Perhaps we are at a philosophical impasse and I am alright with that.

    Best to all

  28. Submitted by Raj Maddali on 10/30/2009 - 10:11 am.

    Mr. Laskowski

    “I asked it before, and I’ll ask it again, if this coverage is subsidized by the government, what’s to stop the insurance companies from covering these people, but with exorbitant premiums for which the government will then cover the cost? And if the government puts a cap on rates, why wouldn’t the insurance companies just say, “no thanks”?”

    Mandate or legislate the simplification of the tiers of coverage. You will get more participants in the insurance field. What we have currently is an health care system with so many rules that only the large providers and their humongous bureaucracies can manage those rules.

    There should be special tiers for catastrophic, prexisting coverage for which the govt. will have to subsidize. But the current one size fits all plays directly into the hands of the large insurers.

  29. Submitted by Bill Schletzer on 10/30/2009 - 10:35 am.

    Good debate! Thanks to Raj for playing the evil guy in a goalie mask and thanks to Richard for being the hero. (That’s a joke. Laugh!)

    It seems that real life, i.e. what is going on in the “official” debate, is less nuanced than this. There are the democrats trying to come up with some kind of passable reform, which to me means overly compromised. On the other side are the Republicans who oppose any reform in principle and seem to debate only to impede, not influence the final bill.

    I see Raj as somewhere to the left of the congressional Republicans (except for maybe Olympia Snow), but to the right of the voices that dominate here at Minnpost.

  30. Submitted by Geoff Laskowski on 10/30/2009 - 11:07 am.

    Mr. Maddali,
    I’m still not sure how a tiered system, even with a simplified administrative process, would provide incentive for insurers of any size to provide coverage to the people in those tiers. This is not like the financial markets, where higher risk gets you a higher reward. I’m sure you would agree that insurance companies make money when they don’t have to pay out on the policies they issue. And if the government subsidized the premiums for the highest risk tiers to mitigate the risk, that’s just a cash pipeline to the private insurers.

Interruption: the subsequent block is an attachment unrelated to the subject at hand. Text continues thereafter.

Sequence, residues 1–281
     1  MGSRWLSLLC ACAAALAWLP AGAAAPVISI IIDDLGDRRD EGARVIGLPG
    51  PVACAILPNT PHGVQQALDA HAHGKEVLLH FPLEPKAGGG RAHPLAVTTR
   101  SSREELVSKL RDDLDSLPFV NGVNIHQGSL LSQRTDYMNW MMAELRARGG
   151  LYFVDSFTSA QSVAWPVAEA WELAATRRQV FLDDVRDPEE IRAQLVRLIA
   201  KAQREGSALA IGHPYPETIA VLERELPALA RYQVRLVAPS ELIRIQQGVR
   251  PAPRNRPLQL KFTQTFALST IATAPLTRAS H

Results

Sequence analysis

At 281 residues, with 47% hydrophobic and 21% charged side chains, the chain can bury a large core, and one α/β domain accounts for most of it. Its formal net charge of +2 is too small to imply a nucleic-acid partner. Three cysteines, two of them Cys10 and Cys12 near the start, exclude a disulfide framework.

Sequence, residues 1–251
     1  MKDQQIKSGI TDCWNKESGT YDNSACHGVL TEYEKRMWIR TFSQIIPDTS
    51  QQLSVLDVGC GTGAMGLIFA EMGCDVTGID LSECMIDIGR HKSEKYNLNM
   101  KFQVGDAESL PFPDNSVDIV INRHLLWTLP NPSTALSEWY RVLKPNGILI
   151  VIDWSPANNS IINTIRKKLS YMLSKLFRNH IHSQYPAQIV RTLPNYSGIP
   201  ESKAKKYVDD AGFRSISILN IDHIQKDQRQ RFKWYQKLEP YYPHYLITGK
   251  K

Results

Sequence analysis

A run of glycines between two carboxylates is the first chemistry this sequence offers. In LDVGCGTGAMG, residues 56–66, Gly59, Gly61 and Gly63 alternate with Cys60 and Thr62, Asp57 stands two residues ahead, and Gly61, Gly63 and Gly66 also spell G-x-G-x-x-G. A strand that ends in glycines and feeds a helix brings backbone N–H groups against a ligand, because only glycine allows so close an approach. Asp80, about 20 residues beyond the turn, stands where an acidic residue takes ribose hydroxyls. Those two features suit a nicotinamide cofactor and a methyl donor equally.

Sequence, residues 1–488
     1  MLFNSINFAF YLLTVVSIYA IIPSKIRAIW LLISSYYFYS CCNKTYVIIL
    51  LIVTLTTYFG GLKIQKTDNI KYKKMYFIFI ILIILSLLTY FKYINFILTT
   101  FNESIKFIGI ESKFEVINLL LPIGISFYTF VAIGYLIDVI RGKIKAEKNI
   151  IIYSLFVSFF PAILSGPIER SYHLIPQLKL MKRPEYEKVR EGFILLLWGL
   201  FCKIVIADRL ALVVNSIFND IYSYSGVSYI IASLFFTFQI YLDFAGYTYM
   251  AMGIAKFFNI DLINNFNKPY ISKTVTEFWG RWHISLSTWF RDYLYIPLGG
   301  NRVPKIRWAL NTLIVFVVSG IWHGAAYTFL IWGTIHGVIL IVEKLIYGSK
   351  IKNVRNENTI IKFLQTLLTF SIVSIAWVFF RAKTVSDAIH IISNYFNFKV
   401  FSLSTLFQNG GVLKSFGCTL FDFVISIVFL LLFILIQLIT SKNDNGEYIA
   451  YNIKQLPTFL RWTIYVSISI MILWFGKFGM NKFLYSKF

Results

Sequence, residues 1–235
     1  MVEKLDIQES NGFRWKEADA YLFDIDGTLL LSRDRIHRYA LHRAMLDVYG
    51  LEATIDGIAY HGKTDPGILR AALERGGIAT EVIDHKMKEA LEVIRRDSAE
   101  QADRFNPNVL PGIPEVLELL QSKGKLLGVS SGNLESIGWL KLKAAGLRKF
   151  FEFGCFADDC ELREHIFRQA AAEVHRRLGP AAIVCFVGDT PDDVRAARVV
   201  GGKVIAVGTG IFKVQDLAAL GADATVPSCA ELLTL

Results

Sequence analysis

It does appear though, that we can at least agree that administrative simplification needs to be a part of real reform.

  31. Submitted by Bernice Vetsch on 10/30/2009 - 06:54 pm.

    David B: I believe the UnitedHealth medical and drug plans sold by AARP are the Private Fee for Service (PFFS) plans that, while traditional Medicare providers are often paid less than their work costs them, are funded at much higher rates in order to provide such wellness opportunities as gym memberships to insurees.

    The cuts to Medicare spending that are included in the reform plans now being developed are to the overpayments now enjoyed by these private plans.

  32. Submitted by Andrew Zabilla on 10/31/2009 - 12:30 am.

    Raj, as a very frequent flier, let me tell you what we got with lower prices associated with the deregulation of the airline industry – horrible service, broken and dirty planes, delayed flights, stolen luggage, tiny seats, overbooked flights, etc…

    In the Netherlands, they have government regulated and mandated health insurance run by private insurers. Basic coverage is $190 a month, no matter who you are and their health care systems is much better. If you want more insurance to cover newer treatments or elective surgery, you can buy it. Private insurance for me at 29 would be about $250 a month and I know people who are very healthy and in their mid-fifties who are paying $900 per month, without nearly the effectiveness of the Netherlands health care system. Why can’t we simply adopt a similar standard which would avoid a public option (keeping the GOP happy) but would cover everyone (subsidies for the poor of course) at much, much less cost than our current system but with better outcomes? It seems like the perfect compromise and would actually do something to lower our ridiculously high insurance rates.

  33. Submitted by Raj Maddali on 10/31/2009 - 08:04 am.

    Mr Laskowski

    When u simplify the coverage and coverage rules under the basic tiers, more insurance companies or even medical groups can participate in that tier.

    For ex. if there is a tier of service, called dialysis provider. Then individual groups of doctors or insurance companies can set up such clinics to provide such service. To make profit they would have to run it as efficiently as possible, because a dialysis patient, who would have to pay parts of the premium will shop around, thereby standardizing the rates they could charge.

    If a clinic screws over a patient, they leave for the next or can get sued. Will there be some misuse on both sides. Absolutely.

    However compare that to the open fraud and cost per patient under Medicare.

    In a single payer system the govt. pays irregardless. That is how u end up with Medicare wheelchairs costing $6000 when the market price is $1500.

    Similarly for govt subsidized tiers of healthcare, use data in a few years would indicate the optimum subsidy for a tier. Then the insurance companies and other groups could bid on such coverage. No one insurance company is going to let another rake in moolah and sit quiet if they can rake in the same moolaah.

  34. Submitted by Raj Maddali on 10/31/2009 - 08:08 am.

    Mr Zabilla